In our private lives, contempt is the death-knell for relationships.  In our professional lives it heralds in some of the most severe consequences of workplace conflict: sick-leave, early-retirement and job loss for the victims of contempt, while for organizations,  contempt substantially influences abstenteeism, staff fluctuation, poor performance, low morale, sabotage and damage to property as well as placing higher demands on social resources such as those for early retirement, health benefits and legal expenses.

How to counteract contempt?

Are you the name-calling type or do you “fight dirty” when you feel cornered?  If this is the case, ask yourself how else you could express your frustration or whether requesting time-out in a tight situation might give you the necessary distance and down-time to gather yourself and respond appropriately and proactively

  • Always be willing to repair damage:

Once you are aware of what constitutes contemptuous behaviour, be willing to apologise and repair the damage if you do behave in this way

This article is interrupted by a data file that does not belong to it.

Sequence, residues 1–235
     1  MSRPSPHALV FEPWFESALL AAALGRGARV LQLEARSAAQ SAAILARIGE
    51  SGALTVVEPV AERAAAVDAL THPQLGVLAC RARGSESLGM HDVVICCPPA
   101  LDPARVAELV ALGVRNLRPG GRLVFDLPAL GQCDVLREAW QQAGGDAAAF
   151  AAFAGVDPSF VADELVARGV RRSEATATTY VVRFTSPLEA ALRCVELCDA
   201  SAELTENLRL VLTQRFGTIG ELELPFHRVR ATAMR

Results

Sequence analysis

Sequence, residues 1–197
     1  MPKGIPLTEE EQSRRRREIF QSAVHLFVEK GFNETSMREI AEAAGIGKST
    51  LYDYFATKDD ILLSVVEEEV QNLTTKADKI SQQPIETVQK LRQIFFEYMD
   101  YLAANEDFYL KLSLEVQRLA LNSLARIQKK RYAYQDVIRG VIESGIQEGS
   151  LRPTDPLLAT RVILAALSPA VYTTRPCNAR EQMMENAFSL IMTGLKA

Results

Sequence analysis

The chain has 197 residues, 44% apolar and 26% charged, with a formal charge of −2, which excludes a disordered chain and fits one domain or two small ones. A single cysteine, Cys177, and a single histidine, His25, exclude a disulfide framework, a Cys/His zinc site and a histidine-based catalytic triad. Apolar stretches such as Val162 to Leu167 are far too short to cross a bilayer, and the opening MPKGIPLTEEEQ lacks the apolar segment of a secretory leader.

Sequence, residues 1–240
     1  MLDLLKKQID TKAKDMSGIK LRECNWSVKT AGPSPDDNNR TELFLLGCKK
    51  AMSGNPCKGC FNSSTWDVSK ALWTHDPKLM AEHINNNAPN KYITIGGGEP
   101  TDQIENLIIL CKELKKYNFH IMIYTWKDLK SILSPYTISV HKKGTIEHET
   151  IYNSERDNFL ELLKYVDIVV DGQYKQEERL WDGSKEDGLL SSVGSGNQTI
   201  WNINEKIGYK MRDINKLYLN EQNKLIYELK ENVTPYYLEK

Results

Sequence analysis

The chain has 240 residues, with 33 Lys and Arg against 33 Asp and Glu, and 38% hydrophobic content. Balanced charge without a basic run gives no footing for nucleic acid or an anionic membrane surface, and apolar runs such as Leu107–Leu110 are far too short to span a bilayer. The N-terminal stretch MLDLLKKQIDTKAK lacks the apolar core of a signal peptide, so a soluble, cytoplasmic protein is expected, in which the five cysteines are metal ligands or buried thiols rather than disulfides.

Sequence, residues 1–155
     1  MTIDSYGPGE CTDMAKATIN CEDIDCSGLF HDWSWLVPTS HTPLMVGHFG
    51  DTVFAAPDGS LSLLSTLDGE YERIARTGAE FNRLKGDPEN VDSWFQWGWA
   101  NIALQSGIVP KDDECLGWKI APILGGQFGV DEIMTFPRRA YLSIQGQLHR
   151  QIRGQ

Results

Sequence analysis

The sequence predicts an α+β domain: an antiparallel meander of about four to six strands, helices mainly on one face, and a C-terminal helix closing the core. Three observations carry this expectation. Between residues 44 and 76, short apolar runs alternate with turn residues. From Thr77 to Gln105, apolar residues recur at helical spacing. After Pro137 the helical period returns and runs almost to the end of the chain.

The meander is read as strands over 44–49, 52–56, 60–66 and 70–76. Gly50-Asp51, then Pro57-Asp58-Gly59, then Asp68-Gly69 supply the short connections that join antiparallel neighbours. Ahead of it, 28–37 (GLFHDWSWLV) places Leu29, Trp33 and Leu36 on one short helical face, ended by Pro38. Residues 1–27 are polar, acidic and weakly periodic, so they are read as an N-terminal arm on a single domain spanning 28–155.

• Cultivate a culture of appreciation in your relationships:

John Guttmann calls this the antidote to contempt.  By cultivating the habit of expressing appreciation rather than criticism within a relationship, contempt is outlawed.  By simply replacing every contemptuous thought with an appreciative thought and if you have to speak, then doing so appreciatively, you not only prevent toxicity arising but at the same time, shore up good credit in your relationships that will pay off a hundredfold.

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When it comes to saving a marriage, forget the great boudoir secrets of the world or all your mother ever told you about the way to a man’s heart being through his stomach  –  US marriage guru Dr. John Gottmann predicts the success or downfall of relationships with astonishing 90% accuracy by simply observing couples argue.

How well we fight and how we deal with conflict even at the very early stages of a relationship is apparently the best indicator yet of how likely we are to be together five years down the line.

From his vast collection of empirical data, Gottmann has identified what he calls the  Four Horsemen of the Apocalypse – four conflict habits that, if allowed to develop, are a sure-fire indicator that you’re on your way to a sorry end sooner rather than later.

1.  Criticism

This is the personality or character-type criticism (not to be confused with constructive criticism) that usually serves to allocate blame and by which we feel fundamentally set upon by our partners.  The usual text begins with generalisations like “you always…”, “you never…”, or specific assertions like “why are you so…?”